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Always Practice Your Scales

September 6, 2017

You’re never too old to practice your scales.


That’s what my music teachers always told me. Even the most advanced musicians can benefit from rehearsing those basic musical patterns. Or, worse, their skills can slowly deteriorate in the background as they go “pff, I know my scales” and neglect to practice them at all.


It’s the same with our faith.


It can be fun to focus on the more advanced stuff – rehashing the homoiousious debate, or the particulars of the updated GIRM. (No I WON’T hold your hand during the Our Father, thankyouverymuch.) All the while letting those basic foundations of our faith wither away like boxes that have long-since been ticked.


That’s why I (a 30-year old man in New York) spend one week every summer on a mission trip with a bunch of teenagers from Wisconsin. Kid’s don’t let things slip. They ask obvious questions we’ve conveniently forgotten about, like “The reading said to give up everything and follow Christ. Why don’t we do that?”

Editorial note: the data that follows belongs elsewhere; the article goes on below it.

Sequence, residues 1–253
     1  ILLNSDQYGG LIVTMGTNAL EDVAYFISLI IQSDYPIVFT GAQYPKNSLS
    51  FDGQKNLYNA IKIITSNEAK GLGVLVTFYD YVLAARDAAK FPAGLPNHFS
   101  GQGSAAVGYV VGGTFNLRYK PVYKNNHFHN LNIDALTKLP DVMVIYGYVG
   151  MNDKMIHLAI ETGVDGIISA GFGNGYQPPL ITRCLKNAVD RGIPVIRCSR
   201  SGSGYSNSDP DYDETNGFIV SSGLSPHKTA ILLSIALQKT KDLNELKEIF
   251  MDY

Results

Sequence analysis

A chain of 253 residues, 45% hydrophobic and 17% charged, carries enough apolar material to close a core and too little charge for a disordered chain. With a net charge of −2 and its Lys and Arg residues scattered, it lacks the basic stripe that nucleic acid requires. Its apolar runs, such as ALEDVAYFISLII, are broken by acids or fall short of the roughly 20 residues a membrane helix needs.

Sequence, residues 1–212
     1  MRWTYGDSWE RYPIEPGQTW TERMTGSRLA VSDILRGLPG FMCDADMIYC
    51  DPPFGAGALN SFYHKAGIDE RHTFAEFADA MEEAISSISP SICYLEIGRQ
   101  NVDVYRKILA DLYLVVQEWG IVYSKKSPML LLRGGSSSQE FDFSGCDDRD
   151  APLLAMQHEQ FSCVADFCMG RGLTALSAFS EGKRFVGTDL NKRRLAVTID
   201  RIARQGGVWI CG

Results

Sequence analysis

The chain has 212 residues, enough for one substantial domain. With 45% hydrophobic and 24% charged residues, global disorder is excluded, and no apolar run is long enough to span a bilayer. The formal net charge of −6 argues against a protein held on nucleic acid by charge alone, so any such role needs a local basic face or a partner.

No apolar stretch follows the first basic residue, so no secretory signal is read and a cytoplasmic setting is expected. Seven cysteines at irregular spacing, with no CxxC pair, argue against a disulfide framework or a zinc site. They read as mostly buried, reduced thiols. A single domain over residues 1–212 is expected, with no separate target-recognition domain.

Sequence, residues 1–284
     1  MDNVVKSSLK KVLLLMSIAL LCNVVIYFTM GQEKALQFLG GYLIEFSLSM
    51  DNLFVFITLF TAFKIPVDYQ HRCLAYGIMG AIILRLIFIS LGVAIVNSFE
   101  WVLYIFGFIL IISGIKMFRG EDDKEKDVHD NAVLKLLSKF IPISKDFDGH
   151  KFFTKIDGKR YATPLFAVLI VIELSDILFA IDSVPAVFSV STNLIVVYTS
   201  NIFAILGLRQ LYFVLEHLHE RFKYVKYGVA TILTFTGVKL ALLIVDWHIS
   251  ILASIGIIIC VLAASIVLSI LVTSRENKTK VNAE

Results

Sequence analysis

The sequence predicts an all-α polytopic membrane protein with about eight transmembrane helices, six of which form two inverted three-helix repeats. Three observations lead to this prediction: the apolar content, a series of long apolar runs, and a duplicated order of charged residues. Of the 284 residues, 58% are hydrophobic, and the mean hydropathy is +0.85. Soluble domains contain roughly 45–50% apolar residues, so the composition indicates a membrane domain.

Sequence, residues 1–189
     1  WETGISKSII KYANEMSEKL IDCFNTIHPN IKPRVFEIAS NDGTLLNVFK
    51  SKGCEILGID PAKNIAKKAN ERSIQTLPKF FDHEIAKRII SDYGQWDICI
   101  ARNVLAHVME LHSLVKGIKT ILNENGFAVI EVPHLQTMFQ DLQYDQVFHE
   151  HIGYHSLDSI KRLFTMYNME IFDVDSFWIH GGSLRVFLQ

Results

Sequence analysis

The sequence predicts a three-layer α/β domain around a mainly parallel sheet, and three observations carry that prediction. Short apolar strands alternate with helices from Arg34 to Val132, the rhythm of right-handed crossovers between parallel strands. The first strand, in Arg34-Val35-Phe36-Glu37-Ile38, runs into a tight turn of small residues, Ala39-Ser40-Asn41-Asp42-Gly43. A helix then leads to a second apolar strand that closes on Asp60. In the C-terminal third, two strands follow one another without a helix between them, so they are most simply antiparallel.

Cue that awkward emoji. You know the one – the one that looks like it’s gritting its teeth while going “eeeeeeeee.”


But mission trips with teens don’t just make you re-ask the most basic questions (so you can re-answer them), it also makes you get off your butt and do something about it. Because, well, they’re mission trips. So they force you to re-think about the basics (like seeing yourself kinship with those we’ve marginalized in our society) and then spend time in community with them – at a shelter, or a pantry, or soup kitchen. 


I know what you’re thinking. “But I can go do that on my own, with people my own age.” Sure you can. But I guarantee you this – those 30-year old new Yorkers aren’t going to force you to lead an hour-long reflection on the minivan ride back with difficult questions like “why did that poor family eat together, when my rich family doesn’t?”




Or how about “In the Sermon On The Mount, God says he will give us the good things we ask for. Why didn’t he give my sick parent the health I asked for?”


Each time one of those questions comes up, I imagine St. Peter hitting “record” on the DVR of my life. Knowing full well this will be on the “your life in review” section of my entrance exam at the pearly gates.


Which is why the hardest part of the trip isn’t the trip. It’s the preparation before the trip. It feels like going on Jeopardy – you know you’re going to be put on the spot with a hard question. But you have no idea what the category is going to be. 


So every year, like it or not, I’m forced to get my faith into shape. I have to open my Bible, and start practicing those scales.


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